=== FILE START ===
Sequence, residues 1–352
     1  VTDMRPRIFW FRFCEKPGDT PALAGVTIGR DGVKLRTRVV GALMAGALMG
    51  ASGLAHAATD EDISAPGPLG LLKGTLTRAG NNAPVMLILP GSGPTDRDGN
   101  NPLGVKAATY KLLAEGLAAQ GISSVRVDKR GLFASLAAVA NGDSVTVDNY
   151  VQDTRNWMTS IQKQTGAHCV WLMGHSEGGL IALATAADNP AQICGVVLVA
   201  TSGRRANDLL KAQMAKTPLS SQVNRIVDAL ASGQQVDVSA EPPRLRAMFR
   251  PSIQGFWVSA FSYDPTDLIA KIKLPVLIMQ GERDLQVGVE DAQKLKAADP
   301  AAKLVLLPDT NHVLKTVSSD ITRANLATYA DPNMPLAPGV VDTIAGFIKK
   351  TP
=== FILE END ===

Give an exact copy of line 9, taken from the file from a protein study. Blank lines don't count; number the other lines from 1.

   351  TP